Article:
The Annual Water Conservation Rebate Program is now open and accepting rebates, as of May 1. Each year the Town continues to make modifications and improvements to the program, and this year is no exception, with a few significant changes residents will notice.
“We are excited to announce that not only are toilets back, but we’ve also restructured the entire program to remove the maximum rebate for households, and instead have applied a maximum rebate per item,” said Jinny Toffelmire, environment and sustainability coordinator. “This change rewards people who are making more of an effort to conserve water, and means residents are eligible for more money back on water conservation purchases.”
While in previous years the maximum rebate per household was $200, this year’s program has a maximum eligible amount per household (up to a 50 percent rebate) for each rebate item. The total amount rebated to a household depends on the number of eligible items applied for.
Other new items include rain barrel spigot replacement; irrigation master valves, and soaker hoses. The program has also added over 20 eligible plants to give residents more variety, bringing the total perennials, trees and shrubs to over 85 varieties.
The Town also has a new ‘Raising the Canopy’ project to help residents add to the Town’s local tree canopy. Raising the Canopy provides an extra $100, in addition to the rebate funding, towards any tree on the plant list. Residents simply apply for the rebate, and will receive $100 towards the cost of the tree, as well as 50% up to $100 for the remaining cost. Funding is limited to the first 100 applications, with one tree per household. Additional trees purchased fall under the regular rebate program.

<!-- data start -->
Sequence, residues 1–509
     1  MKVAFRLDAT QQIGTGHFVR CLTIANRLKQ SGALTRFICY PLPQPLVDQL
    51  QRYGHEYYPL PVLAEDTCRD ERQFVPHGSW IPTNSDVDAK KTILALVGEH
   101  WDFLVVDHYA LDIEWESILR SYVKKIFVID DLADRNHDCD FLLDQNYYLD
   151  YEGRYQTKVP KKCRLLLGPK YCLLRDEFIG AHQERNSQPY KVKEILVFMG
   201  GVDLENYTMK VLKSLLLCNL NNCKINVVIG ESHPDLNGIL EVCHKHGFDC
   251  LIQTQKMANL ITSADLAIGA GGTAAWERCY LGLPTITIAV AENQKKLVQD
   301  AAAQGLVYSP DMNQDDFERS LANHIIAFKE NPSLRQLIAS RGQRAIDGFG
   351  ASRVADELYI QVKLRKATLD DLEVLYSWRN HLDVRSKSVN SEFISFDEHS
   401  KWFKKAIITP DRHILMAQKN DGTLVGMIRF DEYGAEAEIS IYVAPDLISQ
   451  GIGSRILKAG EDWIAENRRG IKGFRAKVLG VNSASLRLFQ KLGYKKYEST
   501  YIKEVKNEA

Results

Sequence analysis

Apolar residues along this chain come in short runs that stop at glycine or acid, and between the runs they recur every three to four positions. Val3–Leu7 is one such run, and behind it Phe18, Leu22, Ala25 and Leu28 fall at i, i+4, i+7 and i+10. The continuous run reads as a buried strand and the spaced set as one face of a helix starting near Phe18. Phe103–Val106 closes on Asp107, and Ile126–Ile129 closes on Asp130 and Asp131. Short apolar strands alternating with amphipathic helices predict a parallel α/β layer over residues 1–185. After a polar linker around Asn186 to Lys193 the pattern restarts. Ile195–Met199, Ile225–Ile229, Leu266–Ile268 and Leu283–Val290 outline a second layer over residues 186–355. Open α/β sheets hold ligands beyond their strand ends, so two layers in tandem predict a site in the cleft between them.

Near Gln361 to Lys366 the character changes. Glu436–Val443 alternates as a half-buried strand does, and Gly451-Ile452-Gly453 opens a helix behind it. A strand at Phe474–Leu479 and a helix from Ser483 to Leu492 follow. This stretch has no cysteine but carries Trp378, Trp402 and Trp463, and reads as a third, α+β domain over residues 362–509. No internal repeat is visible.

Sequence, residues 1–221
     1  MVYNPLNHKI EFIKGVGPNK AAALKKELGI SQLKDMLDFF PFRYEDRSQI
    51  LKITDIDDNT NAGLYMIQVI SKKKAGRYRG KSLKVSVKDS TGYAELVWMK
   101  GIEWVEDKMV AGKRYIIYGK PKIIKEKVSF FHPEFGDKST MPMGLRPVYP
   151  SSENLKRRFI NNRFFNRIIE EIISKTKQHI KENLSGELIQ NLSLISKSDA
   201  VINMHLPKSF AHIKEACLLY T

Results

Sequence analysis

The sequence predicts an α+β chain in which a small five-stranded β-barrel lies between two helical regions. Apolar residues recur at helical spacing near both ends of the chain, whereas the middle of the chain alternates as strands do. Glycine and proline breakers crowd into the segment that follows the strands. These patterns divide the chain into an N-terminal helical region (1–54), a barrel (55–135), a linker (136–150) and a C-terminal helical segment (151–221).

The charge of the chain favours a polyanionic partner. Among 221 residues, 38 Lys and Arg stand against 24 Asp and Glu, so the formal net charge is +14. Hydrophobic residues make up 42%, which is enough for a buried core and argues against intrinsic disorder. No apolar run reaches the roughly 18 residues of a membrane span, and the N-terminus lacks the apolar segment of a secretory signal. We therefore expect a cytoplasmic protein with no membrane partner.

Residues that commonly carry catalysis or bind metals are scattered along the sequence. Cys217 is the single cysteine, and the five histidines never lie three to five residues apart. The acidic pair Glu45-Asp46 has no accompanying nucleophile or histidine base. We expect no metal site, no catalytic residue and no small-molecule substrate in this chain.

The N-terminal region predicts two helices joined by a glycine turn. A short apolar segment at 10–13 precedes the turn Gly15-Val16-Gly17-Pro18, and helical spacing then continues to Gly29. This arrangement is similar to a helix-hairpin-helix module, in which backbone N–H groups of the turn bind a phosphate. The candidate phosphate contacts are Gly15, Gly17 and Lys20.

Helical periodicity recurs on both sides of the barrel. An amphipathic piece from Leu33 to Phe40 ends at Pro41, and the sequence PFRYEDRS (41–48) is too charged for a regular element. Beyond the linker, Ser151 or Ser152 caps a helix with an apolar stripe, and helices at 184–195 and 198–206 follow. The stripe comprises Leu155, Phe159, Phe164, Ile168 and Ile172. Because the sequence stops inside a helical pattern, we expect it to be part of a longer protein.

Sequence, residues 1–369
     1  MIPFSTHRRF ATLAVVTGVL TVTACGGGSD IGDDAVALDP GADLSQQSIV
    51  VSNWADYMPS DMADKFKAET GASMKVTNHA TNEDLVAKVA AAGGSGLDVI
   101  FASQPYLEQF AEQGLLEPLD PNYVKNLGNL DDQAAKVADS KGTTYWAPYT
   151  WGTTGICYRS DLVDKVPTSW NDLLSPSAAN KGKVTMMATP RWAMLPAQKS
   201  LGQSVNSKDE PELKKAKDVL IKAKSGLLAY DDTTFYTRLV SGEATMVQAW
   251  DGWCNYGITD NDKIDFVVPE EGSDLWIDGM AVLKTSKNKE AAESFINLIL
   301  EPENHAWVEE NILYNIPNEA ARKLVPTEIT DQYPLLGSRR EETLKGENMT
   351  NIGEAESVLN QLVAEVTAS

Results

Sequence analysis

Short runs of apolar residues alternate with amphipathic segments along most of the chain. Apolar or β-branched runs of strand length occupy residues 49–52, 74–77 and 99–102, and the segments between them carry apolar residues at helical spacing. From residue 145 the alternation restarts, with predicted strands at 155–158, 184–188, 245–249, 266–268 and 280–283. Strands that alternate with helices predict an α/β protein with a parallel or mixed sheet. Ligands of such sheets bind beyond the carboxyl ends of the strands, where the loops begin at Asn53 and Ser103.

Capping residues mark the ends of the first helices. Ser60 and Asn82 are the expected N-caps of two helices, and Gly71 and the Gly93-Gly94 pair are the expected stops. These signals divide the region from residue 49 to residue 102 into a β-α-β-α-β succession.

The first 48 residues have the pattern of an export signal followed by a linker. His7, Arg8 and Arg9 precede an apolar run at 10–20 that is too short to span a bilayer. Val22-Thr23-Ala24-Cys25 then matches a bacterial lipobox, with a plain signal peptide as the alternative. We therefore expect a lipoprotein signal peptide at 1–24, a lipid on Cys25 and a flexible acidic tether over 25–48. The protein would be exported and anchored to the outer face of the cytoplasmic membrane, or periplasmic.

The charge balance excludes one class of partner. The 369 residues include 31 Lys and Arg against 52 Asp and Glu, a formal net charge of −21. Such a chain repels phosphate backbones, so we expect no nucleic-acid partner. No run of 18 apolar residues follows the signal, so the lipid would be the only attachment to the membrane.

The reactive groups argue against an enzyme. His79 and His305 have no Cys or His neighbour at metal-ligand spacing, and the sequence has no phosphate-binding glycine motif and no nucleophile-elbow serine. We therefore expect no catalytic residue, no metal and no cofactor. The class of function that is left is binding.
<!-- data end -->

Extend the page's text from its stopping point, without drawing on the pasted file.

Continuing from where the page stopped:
This year’s residential xeriscape rebate opened early on March 1 and is already full. Residents can still apply to put their name on a waiting list in the event a space for funding opens up.
The community’s water-use peaks during the summer months, which increases pressure on the Sheep River to provide water for outdoor activities, and on the water treatment plant to keep up with demand. This program supports residents who make efforts to reduce water consumption. As well as helping residents save money and time, most of the eligible rebate items also support long-term water conservation.
Other approved water rebate items include rainwater harvesting systems, rain sensors, WaterSense® irrigation controllers, watering timers, rain barrels, mulch, drought-tolerant turf, and turf alternatives (such as white Dutch Clover).
Application forms are online and accepted on a first-come, first-served basis until the funds are depleted. A plant list, rebate amounts and full details are online at okotoks.ca/WaterRebate.